Tag Archives: normandy

Looking back at a great trip

It’s Sunday afternoon and we’ve been back in the USA for six days. I guess it is a cliché, but as much as we enjoyed our trip to Paris and Normandy, it is nice to be back in our one house. I think about a week and a half is my limit before I start thinking it would be good to be back to familiar surroundings and routine.

Our trip back to Savannah on Monday was grueling. As we were riding the RER train to the airport, Mrs. Poolman commented that she hoped we had the same luck as we did on the flight over; that is, no one sharing our three-across seat combo. Or, at least not a 300 pounder. As it turns out, the guy in the aisle seat was closer to 400 pounds. Seriously! And Air France has to have the smallest seats in existence, in both width and front-back space. We were on that Boeing 777 for 11 and a half hours, and Mrs. P was not a happy flier. Jabba the Hut oozed across the armrest and over into Princes Leia’s seat space, and the person in the row in front kept reclining her seat so far that she couldn’t even focus on the back-of-the seat TV monitor. At one point Mrs P just couldn’t stand it any more and got up and stood in the back of the plane for around an hour. We didn’t realize how small the seat space was until we connected with a Delta MD88 in Atlanta. When we sat down, Mrs. P and I looked at each other and commented on how much more room there was. Long haul – tiny space. Short haul – roomy seats. That doesn’t seem right.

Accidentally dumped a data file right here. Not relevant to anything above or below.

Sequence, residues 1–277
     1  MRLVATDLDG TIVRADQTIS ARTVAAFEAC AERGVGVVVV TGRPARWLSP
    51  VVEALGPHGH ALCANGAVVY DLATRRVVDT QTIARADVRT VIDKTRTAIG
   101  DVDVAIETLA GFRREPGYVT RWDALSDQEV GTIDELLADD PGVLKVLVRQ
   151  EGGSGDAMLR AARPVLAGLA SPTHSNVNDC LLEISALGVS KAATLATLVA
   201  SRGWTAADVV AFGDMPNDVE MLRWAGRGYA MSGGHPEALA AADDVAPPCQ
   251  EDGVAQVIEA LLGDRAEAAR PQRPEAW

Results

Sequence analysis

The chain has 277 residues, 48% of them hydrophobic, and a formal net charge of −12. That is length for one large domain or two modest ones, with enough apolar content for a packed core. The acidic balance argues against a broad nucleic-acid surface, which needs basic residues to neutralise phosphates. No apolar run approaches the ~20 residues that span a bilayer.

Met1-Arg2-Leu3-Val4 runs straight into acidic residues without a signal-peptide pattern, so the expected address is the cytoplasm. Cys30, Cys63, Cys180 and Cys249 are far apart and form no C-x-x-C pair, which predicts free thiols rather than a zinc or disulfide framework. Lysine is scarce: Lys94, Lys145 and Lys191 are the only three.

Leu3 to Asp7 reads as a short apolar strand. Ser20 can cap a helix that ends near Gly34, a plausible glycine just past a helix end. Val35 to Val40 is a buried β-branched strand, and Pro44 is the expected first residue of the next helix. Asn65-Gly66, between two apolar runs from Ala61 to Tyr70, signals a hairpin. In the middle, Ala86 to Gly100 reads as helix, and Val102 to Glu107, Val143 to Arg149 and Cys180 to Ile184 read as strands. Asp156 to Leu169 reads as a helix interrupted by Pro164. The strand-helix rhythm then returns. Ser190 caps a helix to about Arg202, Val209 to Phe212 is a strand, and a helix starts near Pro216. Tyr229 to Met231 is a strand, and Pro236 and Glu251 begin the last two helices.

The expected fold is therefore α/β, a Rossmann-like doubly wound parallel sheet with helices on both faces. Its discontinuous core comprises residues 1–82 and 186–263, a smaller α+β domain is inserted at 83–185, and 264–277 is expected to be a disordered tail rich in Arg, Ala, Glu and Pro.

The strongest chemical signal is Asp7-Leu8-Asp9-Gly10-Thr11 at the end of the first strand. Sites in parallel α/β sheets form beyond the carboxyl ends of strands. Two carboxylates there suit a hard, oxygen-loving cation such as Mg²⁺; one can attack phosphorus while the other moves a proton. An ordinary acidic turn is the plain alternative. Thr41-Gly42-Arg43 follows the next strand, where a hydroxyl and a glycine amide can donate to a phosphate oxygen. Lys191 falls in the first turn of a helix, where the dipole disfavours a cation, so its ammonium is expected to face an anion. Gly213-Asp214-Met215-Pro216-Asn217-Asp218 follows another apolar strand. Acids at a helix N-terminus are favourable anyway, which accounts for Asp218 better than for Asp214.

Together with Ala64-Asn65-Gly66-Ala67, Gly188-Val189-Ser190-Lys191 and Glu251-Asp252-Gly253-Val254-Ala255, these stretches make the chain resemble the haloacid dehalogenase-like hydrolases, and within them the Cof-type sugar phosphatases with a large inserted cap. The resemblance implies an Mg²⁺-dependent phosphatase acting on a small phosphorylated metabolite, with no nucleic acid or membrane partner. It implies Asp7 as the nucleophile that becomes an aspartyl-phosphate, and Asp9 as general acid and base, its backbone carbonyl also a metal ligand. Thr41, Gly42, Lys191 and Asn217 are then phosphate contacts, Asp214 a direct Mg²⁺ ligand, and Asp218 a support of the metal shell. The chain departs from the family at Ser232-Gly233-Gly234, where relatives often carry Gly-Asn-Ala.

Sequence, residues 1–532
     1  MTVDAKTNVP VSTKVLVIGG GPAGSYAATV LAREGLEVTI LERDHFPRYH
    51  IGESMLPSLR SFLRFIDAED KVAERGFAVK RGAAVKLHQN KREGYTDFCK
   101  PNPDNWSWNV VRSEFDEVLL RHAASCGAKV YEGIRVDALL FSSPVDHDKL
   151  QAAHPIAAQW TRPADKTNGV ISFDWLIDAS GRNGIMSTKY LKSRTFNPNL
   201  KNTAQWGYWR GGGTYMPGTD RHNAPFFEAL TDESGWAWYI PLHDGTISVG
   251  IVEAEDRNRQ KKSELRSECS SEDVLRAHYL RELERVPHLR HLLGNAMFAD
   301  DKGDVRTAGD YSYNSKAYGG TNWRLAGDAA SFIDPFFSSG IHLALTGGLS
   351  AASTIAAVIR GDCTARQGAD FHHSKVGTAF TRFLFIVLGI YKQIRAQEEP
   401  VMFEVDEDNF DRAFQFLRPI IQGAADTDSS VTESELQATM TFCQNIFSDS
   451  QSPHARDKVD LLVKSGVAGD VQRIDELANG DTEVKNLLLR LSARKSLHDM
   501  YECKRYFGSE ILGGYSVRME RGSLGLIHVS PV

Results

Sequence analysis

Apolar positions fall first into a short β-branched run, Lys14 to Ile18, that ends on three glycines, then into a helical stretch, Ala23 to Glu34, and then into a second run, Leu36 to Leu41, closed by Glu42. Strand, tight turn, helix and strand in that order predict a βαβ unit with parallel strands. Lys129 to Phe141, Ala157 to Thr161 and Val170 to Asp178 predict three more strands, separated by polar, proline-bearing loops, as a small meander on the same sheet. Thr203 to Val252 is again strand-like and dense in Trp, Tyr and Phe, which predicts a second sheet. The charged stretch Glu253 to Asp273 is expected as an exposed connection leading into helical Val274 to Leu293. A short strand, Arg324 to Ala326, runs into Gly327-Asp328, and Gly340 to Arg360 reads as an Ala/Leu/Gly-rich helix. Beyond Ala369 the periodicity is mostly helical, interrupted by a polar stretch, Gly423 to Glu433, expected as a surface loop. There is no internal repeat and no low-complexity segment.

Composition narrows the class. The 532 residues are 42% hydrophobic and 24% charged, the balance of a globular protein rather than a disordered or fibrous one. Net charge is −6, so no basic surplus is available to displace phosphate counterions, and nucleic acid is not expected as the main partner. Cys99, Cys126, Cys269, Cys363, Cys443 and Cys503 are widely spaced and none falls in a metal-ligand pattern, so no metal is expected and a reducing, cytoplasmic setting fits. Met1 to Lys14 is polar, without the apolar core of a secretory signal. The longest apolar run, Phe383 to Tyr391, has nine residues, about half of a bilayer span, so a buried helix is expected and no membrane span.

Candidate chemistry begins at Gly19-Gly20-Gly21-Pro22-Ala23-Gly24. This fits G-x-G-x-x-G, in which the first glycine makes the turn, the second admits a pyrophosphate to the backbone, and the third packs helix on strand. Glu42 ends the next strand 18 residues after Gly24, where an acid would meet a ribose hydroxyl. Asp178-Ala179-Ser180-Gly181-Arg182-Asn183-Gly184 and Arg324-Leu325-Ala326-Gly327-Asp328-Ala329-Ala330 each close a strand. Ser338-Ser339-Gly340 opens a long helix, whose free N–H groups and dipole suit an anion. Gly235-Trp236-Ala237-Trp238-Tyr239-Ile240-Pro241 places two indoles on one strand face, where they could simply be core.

One thing interesting about travel is trying to figure out the different plumbing and electricity. When we checked into the Holiday Inn St Germain des Pres in Paris, we couldn’t figure out how to turn the lights on. They would come on and then go out again. Then we noticed a little device on the wall near the door. The room key is a flat piece of plastic, and you are supposed to insert the room key into the slot in the wall device. That allows you to turn on all the room lights. Nice idea to save on electricity, but a bit confusing if you have never encountered it before.

What is it with the French thing of a shower guard that only covers half the tub? We had this in three of the four rooms in which we stayed. You have to really work at it to keep the shower spray from soaking the entire room. Would a full-length shower curtain be that difficult?